By the Music of the Spheres | Performing Arts Review | Chicago Reader

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By the Music of the Spheres



By the Music of the Spheres, Goodman Theatre. Carson Grace Becker and David Barr III's new play isn't a complete mess, like Becker's Book of Mercy (presented last fall by Chicago Dramatists). But it's far from ready for prime time.

Two deaf half siblings confined in a Massachusetts insane asylum during reconstruction--Katherine, the daughter of a Confederate general, and Nicholas, his son by a slave--share a mysterious psychic bond. Their savior in the snake pit is fellow inmate Ellenore, a feminist who conveniently understands sign language and whose husband is after her fortune (her dress, in a yellow wallpaper pattern, makes a sly allusion to Charlotte Perkins Gilman's classic about women's lives and insanity).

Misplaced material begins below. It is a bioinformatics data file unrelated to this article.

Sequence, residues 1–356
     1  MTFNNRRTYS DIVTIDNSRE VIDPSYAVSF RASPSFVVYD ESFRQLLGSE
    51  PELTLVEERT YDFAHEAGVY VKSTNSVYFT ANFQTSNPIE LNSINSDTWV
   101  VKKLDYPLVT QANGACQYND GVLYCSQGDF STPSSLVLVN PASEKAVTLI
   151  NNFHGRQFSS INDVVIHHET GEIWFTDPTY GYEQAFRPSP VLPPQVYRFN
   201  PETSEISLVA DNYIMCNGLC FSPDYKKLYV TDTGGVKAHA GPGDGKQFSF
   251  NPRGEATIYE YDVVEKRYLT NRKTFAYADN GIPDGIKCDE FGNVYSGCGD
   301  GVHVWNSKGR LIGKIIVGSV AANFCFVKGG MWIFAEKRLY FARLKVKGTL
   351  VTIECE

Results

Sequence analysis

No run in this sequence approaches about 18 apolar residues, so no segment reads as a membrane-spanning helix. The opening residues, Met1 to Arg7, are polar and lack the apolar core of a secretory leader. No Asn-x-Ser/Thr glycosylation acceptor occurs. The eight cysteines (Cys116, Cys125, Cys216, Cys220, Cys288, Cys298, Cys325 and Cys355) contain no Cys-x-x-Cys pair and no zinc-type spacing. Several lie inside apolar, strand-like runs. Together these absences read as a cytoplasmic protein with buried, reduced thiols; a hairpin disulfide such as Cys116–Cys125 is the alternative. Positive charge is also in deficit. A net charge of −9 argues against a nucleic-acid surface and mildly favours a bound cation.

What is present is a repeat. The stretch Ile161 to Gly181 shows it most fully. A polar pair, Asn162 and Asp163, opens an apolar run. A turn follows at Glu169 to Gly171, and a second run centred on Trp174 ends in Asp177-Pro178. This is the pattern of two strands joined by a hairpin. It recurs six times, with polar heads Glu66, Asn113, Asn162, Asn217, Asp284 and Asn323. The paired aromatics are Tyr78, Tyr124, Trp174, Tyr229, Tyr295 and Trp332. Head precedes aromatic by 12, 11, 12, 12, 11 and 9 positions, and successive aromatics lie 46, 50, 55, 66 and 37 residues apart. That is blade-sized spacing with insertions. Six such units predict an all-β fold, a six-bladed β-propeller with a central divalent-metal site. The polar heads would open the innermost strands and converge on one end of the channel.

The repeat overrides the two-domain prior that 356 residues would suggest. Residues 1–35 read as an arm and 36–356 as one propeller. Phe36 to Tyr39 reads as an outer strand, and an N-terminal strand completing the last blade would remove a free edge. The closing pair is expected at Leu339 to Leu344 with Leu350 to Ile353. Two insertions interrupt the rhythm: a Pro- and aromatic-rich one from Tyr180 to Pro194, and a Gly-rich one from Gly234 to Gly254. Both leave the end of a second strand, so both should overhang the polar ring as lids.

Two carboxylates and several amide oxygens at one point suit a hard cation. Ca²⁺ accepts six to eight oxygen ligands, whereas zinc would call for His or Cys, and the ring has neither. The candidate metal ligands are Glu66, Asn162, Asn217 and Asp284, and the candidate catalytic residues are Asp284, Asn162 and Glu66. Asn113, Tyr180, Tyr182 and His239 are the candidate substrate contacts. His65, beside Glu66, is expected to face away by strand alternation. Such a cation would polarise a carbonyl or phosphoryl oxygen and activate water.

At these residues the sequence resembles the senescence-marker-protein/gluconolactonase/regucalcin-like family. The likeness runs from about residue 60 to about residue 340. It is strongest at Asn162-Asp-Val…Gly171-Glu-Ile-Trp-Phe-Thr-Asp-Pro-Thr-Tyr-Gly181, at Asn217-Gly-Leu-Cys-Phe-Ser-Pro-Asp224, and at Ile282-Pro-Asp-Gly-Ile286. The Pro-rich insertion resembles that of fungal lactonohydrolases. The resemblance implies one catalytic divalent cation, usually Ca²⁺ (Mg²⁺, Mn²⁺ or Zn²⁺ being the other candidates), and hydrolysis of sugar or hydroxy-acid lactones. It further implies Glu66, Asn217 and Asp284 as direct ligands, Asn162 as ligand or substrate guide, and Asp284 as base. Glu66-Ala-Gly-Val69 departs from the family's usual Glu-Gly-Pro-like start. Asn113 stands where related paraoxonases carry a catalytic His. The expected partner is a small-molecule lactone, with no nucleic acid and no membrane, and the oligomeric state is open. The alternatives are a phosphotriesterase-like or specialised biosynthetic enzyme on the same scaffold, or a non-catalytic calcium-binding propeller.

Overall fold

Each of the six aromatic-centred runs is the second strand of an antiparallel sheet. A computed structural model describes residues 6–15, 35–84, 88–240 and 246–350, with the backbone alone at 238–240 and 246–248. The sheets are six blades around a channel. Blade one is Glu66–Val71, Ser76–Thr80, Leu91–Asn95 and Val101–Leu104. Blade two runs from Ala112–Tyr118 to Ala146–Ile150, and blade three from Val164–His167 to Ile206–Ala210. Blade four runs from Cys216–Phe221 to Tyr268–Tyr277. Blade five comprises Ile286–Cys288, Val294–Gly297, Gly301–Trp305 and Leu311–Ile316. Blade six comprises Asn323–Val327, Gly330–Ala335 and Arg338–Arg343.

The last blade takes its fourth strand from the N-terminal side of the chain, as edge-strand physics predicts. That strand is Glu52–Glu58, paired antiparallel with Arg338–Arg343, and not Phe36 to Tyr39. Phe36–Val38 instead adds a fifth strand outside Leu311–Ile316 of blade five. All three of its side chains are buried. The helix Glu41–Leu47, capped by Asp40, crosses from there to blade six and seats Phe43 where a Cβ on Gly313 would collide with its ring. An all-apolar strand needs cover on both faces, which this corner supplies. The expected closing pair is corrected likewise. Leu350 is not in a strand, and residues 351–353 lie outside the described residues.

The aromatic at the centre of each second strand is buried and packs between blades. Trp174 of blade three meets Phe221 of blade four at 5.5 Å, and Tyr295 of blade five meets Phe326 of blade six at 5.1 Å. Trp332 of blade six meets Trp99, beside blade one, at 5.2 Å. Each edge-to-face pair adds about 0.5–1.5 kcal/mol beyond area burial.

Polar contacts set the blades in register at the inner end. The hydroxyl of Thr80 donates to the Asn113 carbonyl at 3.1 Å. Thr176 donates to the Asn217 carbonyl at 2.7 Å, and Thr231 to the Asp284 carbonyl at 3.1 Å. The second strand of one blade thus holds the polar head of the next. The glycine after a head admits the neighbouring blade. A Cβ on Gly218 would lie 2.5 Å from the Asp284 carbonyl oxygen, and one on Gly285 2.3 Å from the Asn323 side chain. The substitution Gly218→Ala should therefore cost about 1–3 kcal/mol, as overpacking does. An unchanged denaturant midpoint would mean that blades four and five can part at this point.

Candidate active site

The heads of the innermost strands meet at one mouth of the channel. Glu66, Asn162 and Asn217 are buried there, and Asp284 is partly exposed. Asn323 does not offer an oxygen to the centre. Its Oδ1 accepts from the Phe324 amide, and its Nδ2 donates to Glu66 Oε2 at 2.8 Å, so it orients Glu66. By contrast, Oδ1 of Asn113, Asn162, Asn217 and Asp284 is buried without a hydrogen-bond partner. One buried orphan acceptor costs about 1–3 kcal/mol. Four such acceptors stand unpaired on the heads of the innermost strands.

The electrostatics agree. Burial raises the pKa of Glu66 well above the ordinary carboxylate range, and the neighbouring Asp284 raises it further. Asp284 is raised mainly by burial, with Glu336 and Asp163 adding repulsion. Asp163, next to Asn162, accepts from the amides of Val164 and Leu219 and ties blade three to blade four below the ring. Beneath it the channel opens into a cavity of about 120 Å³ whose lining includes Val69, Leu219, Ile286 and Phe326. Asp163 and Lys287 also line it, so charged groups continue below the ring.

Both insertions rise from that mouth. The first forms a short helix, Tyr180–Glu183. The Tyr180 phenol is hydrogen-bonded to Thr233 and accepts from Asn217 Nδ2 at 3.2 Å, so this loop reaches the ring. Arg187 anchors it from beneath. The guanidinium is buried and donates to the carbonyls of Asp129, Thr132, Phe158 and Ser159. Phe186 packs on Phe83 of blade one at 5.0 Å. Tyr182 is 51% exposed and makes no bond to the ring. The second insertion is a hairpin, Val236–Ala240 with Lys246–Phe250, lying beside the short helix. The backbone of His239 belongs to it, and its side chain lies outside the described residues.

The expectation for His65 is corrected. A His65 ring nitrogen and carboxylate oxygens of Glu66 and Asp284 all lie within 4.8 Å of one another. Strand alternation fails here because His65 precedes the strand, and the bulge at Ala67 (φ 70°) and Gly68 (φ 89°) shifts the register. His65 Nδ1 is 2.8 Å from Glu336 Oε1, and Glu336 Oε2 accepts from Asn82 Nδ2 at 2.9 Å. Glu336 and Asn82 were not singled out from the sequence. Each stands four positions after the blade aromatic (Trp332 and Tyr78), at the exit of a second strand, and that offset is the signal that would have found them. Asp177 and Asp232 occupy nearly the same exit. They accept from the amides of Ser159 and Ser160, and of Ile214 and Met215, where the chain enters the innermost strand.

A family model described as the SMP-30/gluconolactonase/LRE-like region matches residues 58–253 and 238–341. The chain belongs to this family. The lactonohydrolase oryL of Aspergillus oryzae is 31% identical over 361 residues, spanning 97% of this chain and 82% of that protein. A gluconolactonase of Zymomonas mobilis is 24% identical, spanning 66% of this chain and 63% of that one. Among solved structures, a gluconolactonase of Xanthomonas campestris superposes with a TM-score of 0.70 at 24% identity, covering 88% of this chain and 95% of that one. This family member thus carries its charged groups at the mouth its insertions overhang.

Becker and Barr don't seem to know what their central concern is. Is the play about different modes of communication in an oppressive hierarchy? The failings of family life? The cruelty of institutions that use their patients as fodder for research? A subplot involving black minstrels is little more than a device, and the ending is a jarring mix of pat solutions and "so what" revelations. Director Chuck Smith does his best to infuse the proceedings with wit and life, and the performances show flashes of charm and fire. But this play's music and sense remain obscure.

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